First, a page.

Projects per year
I am currently a Lecturer in Electronic and Electrical Engineering, and am interested in research questions in biology pertaining to how the ears of animals work, and whether we can create novel engineered acoustic sensors inspired by natural ears.
Originally a physicist at undergraduate level (Imperial College 2003), I gained a PhD in Biology at the University of Bristol (2009), studying active hearing in nature. In 2010 I was awarded an EPSRC Post-doctoral fellowship, based at the Centre for Ultrasonic Engineering at Strathclyde, studying acoustic systems in nature and engineering contexts. In 2014 I was promoted to Lecturer.
I am interested in a wide range of topics related to the detection and generation of sound in both natural and engineered acoustic systems.
Expertise & Capabilities
- Active hearing
I teach primarily aspects of analogue electronics for the Department of Electronic and Electrical Engineering, as well as assisting undergraduate laboratories and supervising student projects.
My research is multi-disciplinary, involving aspects of biology, physics, engineering and mathematics. I research topics related to acoustics systems in nature and engineering - with emphasis on understanding how sound is detected in nature.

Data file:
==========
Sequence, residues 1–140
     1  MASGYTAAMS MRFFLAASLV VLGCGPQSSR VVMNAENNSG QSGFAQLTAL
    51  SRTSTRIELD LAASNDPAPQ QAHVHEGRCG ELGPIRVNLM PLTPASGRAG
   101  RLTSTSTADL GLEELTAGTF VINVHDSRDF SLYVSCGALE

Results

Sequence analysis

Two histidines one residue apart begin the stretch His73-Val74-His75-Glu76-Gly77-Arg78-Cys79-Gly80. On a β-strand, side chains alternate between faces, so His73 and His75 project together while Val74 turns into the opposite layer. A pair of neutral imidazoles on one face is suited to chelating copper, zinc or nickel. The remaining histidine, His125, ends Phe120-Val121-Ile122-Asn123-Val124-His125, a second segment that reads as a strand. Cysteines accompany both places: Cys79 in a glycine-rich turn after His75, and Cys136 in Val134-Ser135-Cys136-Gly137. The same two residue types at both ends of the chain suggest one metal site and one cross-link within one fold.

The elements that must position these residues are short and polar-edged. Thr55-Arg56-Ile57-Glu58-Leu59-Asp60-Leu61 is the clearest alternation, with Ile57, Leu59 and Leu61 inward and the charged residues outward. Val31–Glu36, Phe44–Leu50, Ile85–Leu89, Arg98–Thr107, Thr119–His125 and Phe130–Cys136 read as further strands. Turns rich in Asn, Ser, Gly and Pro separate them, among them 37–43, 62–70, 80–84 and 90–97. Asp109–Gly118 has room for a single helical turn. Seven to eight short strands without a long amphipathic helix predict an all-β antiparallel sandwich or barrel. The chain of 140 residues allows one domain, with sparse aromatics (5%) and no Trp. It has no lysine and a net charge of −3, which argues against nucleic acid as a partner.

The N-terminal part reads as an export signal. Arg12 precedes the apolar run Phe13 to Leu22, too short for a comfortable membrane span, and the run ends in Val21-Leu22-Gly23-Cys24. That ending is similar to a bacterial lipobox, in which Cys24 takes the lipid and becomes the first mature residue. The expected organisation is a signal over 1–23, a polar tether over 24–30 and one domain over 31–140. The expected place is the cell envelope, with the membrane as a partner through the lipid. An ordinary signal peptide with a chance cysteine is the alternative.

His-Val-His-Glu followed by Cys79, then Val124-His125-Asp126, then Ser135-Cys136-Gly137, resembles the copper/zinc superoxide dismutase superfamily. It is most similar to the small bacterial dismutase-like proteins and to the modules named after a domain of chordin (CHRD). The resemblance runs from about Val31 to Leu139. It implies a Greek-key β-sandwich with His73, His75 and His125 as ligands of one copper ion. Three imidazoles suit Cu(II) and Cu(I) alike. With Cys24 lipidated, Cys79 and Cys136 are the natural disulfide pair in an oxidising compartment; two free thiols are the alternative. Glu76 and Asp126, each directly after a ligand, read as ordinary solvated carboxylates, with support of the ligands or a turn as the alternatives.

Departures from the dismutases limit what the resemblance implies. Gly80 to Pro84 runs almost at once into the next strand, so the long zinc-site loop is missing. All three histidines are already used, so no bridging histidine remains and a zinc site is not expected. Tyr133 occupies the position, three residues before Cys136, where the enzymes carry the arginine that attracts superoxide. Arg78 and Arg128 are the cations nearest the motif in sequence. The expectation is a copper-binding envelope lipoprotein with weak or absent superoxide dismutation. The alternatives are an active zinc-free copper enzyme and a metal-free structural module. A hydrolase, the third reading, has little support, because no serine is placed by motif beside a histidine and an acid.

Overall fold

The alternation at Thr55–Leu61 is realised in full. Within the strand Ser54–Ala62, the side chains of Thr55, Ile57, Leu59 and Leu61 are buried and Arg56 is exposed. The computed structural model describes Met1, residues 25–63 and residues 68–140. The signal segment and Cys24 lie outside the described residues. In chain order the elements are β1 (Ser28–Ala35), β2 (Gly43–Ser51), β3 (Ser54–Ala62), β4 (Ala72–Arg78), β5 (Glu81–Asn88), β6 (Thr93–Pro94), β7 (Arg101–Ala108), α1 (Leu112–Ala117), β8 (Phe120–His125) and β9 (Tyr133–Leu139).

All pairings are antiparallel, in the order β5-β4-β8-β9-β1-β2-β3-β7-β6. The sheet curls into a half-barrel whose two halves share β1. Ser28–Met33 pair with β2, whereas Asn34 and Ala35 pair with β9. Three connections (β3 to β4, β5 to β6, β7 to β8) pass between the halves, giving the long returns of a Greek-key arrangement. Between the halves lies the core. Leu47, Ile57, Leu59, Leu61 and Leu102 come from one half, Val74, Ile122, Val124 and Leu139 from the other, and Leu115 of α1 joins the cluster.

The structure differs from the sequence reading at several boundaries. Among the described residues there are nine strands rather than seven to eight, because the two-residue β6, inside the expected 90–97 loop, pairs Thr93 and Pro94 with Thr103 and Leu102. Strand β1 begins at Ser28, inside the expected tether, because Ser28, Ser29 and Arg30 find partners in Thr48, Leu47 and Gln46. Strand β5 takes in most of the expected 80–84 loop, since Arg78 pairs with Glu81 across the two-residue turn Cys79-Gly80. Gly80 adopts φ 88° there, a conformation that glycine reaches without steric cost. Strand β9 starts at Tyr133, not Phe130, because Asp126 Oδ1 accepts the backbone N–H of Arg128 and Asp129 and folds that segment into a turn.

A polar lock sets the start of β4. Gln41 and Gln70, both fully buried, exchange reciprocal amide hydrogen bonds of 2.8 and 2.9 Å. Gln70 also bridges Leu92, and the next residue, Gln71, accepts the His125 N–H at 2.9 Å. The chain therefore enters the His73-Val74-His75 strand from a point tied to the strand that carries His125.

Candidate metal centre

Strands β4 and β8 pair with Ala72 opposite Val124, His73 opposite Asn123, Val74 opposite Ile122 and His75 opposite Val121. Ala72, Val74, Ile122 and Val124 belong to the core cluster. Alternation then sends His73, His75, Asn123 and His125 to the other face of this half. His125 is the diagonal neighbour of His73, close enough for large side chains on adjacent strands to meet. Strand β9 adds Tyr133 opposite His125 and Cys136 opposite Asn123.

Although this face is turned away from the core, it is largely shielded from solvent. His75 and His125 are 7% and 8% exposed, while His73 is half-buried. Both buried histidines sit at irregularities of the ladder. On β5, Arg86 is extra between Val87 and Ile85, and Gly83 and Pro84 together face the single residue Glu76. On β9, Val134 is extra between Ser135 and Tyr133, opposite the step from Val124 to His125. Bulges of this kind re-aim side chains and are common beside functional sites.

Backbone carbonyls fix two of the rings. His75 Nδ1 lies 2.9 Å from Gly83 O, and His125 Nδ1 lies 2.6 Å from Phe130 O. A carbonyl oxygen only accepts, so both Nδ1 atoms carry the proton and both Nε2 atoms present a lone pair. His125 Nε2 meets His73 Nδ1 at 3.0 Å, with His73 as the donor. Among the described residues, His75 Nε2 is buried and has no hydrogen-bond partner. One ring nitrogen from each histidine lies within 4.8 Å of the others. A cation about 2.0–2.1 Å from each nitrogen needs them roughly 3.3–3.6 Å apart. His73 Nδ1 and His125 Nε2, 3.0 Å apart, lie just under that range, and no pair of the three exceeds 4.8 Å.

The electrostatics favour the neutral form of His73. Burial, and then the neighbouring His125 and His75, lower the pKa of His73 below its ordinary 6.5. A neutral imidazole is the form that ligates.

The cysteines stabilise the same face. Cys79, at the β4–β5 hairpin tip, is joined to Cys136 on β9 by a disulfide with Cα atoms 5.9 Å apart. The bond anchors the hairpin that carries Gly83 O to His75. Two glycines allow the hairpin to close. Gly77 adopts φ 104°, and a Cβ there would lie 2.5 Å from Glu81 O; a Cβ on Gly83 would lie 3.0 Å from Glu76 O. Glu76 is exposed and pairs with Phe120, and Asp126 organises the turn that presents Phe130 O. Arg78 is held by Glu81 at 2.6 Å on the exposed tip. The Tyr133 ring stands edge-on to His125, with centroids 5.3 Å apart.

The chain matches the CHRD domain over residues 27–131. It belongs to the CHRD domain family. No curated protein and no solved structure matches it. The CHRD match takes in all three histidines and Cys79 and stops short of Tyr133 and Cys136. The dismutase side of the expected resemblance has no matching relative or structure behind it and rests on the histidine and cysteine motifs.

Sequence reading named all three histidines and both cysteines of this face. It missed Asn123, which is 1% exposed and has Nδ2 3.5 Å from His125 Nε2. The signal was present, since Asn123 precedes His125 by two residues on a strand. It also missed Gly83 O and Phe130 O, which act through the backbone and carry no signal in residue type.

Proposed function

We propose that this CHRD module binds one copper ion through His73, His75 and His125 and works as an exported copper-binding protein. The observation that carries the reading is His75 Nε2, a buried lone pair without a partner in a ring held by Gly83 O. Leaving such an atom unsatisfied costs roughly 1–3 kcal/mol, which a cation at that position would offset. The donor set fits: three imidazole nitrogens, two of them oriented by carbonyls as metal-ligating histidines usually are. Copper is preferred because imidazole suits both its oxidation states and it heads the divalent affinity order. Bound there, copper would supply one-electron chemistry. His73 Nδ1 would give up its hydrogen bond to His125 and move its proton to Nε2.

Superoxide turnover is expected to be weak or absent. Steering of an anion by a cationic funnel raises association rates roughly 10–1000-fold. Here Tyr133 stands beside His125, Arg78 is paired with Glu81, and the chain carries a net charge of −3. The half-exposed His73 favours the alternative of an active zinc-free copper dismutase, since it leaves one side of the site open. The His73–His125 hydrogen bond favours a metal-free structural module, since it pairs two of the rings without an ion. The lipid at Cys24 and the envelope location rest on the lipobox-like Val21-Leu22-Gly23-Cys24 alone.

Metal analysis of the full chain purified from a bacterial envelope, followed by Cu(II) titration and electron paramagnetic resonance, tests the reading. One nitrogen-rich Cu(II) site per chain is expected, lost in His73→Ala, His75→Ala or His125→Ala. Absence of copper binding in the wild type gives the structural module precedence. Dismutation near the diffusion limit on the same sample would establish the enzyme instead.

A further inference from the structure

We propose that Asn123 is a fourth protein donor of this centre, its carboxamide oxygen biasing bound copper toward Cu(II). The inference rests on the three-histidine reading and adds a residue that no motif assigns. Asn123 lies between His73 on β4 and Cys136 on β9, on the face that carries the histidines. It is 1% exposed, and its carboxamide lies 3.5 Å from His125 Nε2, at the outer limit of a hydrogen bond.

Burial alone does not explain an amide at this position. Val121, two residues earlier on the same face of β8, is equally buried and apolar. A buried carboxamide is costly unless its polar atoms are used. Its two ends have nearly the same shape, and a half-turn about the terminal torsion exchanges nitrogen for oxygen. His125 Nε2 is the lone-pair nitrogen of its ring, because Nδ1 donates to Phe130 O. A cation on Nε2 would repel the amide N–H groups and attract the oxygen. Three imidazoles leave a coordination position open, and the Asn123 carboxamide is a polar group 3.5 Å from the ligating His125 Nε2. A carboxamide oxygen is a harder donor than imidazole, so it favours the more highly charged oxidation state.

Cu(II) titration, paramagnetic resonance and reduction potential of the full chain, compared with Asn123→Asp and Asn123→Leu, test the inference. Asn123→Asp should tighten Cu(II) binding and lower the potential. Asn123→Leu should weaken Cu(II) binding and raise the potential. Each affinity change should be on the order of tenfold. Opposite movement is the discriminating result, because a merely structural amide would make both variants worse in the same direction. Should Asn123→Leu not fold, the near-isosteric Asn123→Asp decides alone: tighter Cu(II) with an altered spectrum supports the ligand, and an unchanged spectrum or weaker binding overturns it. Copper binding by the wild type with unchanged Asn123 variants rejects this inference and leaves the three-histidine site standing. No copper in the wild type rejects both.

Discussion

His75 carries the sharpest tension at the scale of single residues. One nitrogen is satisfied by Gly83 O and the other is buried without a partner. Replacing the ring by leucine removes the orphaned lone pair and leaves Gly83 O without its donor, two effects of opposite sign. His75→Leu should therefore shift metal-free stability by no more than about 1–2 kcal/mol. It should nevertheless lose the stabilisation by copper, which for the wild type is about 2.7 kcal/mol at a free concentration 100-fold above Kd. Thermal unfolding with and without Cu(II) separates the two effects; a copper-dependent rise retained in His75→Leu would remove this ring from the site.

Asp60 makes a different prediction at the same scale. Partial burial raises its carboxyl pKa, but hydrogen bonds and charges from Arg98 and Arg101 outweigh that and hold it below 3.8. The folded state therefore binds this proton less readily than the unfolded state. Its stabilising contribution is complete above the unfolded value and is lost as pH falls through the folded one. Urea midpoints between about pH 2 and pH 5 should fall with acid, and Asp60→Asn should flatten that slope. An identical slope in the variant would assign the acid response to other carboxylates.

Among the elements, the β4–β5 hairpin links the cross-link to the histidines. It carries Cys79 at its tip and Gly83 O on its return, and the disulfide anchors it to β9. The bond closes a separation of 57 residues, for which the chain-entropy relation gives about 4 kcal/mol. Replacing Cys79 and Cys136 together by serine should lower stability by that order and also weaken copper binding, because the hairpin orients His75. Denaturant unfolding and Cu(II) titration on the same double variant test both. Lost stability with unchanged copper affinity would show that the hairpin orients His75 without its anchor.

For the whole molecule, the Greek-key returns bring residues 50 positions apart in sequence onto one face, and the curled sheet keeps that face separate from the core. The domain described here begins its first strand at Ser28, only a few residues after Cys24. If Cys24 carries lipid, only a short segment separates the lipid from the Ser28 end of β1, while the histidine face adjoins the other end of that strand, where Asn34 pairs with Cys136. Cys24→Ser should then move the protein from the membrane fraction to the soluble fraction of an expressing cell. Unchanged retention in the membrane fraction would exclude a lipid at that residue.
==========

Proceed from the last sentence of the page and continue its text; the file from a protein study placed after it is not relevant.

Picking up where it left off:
The need to detect sound in nature has resulted in the evolution of a wide variety of ears in the animal kingdom. Many of these acoustic sensor systems are incredibly complex, achieving sensitivity and functionality beyond that of standard engineered acoustic sensors. My research interest focusses on understanding the use of active, nonlinear sensor systems by animals for signal detection and conditioning. In studying active hearing in insects, we hope to gain insight into the mechanisms for hearing in nature and use this to inspire a new generation of acoustic engineered sensors.
Doctor of Philosophy, University of Bristol
1/07/18 → 31/12/19
1/07/18 → 30/04/19
Research Output per year
Research output: Contribution to conference › Speech
Data for: "Frequency doubling by active in vivo motility of mechanosensory neurons in the mosquito ear"
Student thesis: Doctoral Thesis